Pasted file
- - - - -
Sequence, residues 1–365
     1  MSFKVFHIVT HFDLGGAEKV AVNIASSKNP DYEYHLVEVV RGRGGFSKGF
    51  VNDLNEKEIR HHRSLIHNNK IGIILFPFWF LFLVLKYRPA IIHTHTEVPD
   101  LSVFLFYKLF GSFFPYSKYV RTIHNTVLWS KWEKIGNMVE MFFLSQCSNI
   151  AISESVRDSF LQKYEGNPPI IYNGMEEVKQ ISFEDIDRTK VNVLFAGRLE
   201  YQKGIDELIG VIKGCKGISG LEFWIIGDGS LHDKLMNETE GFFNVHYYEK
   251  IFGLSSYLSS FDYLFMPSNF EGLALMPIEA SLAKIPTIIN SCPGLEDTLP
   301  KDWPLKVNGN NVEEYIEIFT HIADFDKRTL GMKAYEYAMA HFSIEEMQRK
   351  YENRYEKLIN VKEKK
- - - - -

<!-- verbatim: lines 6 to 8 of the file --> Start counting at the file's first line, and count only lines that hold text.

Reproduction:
   201  YQKGIDELIG VIKGCKGISG LEFWIIGDGS LHDKLMNETE GFFNVHYYEK
   251  IFGLSSYLSS FDYLFMPSNF EGLALMPIEA SLAKIPTIIN SCPGLEDTLP
   301  KDWPLKVNGN NVEEYIEIFT HIADFDKRTL GMKAYEYAMA HFSIEEMQRK